If you offer piano tuition for beginners (and live in Cornwall), you would hope to appear in the first few search results when someone types in ‘piano lessons for beginners, Cornwall’.
You won’t appear on page one of Google just because you have a blog, but it is one part of the mix that helps search engines to identify what you’re about and what product or service you provide. Publishing regular content shows that your website is current and looked after (which also matters for SEO).
Sharing useful tips and guides via your blog can also help you generate links from other blogs and websites – I was lucky enough to enjoy incoming links from blogs all over the world when I posted on April’s marketing themes. What would attract interest from your target audience?
8. Your customers are online
Ultimately, your customers are central to your marketing strategy, so their presence online is crucial to whether you blog. Do a bit of research (no clipboards required – just ask a few people who have bought from you before) and find out if your customers know their search engine from their car engine and their tweets from their blackbirds.
If your existing customers aren’t online, you may want to explore new markets who are – could you sell to a younger audience? Could you guest post on a website that your customers may visit?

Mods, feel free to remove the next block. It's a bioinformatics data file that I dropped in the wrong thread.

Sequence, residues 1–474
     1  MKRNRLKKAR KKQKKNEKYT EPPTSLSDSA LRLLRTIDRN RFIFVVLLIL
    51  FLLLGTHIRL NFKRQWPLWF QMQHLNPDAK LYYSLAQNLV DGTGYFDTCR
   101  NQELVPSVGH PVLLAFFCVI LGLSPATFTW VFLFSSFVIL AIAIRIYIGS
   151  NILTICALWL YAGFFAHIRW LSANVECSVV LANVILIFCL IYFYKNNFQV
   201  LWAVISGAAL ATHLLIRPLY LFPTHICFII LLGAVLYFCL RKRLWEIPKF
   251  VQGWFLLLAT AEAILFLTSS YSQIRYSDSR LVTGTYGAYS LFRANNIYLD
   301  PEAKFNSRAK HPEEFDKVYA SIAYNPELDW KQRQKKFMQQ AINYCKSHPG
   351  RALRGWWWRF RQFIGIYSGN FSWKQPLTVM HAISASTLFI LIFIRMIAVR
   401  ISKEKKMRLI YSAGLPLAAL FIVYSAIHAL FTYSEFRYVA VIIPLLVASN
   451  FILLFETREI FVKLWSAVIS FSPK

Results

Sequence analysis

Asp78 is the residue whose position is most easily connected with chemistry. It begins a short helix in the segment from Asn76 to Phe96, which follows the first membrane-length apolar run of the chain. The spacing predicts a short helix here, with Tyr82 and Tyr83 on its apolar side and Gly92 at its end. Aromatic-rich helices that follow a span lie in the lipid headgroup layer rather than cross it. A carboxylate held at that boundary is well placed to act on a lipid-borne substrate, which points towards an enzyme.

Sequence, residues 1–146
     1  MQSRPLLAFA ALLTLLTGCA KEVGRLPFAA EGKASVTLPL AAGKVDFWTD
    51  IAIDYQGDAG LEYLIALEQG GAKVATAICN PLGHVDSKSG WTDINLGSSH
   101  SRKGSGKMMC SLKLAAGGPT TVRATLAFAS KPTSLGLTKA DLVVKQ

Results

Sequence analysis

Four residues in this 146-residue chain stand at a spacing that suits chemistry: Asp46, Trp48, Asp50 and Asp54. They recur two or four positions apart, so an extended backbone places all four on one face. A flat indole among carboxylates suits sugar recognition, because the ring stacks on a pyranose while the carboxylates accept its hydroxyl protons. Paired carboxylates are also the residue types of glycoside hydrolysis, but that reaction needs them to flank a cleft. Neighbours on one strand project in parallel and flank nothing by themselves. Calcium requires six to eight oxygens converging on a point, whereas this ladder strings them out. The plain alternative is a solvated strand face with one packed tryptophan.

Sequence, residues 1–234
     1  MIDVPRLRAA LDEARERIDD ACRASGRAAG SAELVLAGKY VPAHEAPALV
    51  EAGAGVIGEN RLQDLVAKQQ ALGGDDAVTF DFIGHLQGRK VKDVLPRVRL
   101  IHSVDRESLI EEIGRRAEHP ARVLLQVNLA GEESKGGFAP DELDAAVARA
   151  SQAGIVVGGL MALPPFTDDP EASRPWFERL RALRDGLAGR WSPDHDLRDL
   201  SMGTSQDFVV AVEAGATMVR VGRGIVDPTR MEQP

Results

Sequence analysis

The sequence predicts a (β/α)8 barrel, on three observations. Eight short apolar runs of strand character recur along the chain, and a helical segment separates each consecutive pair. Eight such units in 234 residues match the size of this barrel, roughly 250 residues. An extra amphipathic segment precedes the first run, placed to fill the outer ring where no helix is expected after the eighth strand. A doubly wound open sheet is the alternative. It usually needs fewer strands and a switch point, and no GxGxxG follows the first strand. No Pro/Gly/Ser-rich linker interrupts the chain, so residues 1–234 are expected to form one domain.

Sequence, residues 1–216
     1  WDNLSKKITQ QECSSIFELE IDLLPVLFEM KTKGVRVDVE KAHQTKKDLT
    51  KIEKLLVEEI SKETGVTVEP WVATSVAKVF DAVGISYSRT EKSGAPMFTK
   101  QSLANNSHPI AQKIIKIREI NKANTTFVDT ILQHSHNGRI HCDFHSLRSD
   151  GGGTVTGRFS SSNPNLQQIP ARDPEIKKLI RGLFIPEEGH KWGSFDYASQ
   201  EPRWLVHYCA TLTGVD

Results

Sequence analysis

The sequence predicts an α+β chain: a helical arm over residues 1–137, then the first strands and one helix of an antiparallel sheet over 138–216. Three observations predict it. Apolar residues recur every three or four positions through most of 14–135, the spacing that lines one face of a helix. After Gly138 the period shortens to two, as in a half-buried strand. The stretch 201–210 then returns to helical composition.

(More on guest posting next month – it’s a gold mine of possibilities and a brilliant way of reaching new customers!)
So are you ready to blog? Quick checklist:
- My industry is fast-moving
- I can write pretty well
- I know my stuff
- I can make time to post great content
- I love the idea of the ease of publishing my posts
- I know exactly who will take ownership of it
- I’d love to be on page one of Google
- My customers use the web – a lot
If all that applies to you, then go blog (but before you go, check out our next short course on blogging for business – it would be great if you could come along).